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A project team’s performance can improve if their project manager stays clear-sighted and communicates how project goals connect with their organization’s goals.

Cathy Richardson, the Deputy Director of the Flight Projects Directorate at Goddard Space Flight Center, tells a story of when she was project manager working on the Thermal Infrared Sensor. The story explains how Richardson and her team remained focused and were able to develop an instrument in 3.5 years when independent estimates said it would take 4.5 years for development. She explains how the team was managed and organized to get the work accomplished on time.

Video key learning points:

  1. 1.

    In order to accomplish the compressed schedule, all testing was examined, and the amount of risk was calculated for cutting any testing. One test was chosen to be cut as it would pose little risk to the project, and this saved one month of schedule for the instrument development.

  2. 2.

    Since schedule was the main challenge to the development of the instrument, Richardson asked for 40 percent cost contingency budget at the beginning of the project to do parallel path development and spend money up-front to protect schedule.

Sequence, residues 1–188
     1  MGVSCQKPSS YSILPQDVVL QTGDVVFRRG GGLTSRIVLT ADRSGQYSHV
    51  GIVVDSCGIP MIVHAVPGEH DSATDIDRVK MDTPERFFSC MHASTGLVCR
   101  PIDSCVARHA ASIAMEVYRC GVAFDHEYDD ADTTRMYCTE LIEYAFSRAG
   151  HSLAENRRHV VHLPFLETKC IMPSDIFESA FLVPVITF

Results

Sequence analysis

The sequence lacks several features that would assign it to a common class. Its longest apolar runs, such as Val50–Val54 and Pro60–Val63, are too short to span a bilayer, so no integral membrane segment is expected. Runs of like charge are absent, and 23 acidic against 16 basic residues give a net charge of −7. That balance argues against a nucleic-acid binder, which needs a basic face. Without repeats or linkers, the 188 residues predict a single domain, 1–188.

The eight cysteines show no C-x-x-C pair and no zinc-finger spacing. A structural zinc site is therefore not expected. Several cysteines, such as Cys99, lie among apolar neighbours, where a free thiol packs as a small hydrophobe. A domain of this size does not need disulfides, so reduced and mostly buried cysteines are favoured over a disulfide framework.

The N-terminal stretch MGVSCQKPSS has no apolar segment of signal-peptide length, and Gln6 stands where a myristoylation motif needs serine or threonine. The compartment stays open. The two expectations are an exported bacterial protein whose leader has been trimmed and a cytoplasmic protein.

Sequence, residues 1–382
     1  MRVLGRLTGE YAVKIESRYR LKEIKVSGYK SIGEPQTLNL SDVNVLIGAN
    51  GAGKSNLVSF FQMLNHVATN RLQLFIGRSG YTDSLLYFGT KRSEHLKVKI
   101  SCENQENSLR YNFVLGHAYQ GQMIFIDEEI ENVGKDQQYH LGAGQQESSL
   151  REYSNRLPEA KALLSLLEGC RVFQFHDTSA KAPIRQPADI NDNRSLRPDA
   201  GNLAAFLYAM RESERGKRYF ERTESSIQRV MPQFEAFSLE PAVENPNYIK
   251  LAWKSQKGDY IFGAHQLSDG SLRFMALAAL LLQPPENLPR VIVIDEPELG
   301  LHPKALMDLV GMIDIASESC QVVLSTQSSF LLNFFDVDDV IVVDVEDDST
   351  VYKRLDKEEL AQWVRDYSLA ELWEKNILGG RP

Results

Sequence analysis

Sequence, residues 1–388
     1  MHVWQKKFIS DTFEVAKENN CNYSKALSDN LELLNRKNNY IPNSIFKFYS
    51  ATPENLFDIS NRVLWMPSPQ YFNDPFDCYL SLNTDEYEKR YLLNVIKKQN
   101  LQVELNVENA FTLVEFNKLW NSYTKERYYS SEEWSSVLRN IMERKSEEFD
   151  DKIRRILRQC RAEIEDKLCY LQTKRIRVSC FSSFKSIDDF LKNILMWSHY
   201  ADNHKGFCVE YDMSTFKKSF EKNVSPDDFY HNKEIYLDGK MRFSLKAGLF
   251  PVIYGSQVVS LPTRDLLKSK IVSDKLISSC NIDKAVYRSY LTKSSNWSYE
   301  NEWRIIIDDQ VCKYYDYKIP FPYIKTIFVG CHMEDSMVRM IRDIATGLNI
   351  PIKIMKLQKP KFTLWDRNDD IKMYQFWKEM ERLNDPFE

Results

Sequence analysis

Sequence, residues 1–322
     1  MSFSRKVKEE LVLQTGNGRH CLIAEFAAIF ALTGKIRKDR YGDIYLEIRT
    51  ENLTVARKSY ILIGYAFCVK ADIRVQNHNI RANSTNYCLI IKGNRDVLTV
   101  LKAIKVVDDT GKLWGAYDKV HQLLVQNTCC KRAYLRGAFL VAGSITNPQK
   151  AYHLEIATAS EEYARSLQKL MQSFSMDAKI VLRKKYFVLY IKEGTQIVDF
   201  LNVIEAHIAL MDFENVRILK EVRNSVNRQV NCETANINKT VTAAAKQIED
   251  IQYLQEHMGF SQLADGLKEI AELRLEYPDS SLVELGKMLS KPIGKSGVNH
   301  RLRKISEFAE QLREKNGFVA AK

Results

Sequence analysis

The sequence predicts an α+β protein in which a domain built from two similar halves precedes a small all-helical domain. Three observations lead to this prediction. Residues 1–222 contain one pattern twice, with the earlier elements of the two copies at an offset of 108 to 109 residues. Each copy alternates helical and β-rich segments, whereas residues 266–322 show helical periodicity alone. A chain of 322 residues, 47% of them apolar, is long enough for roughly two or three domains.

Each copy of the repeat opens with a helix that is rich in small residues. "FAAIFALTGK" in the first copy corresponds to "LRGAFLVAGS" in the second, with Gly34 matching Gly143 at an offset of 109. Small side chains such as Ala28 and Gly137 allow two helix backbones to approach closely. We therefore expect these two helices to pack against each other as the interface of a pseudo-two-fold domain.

3. 3.

    The schedule-first emphasis had to be continuously communicated with engineers, so they understood its importance and priority to the project’s success.

  4. 4.

    On TIRS, project leaders visited organizations that were building and made sure that the focus on schedule remained paramount.


Related Resources

NASA APPEL KS Tactical Skills for Creating High Performance Teams

NASA APPEL KS Team Leadership

TIRS Design

NASA APPEL KS Article: Academy Infographic: LDCM’s Instrument Heritage

VPMC: 7 Habits of Highly Effective (NASA) Project Managers (full video)


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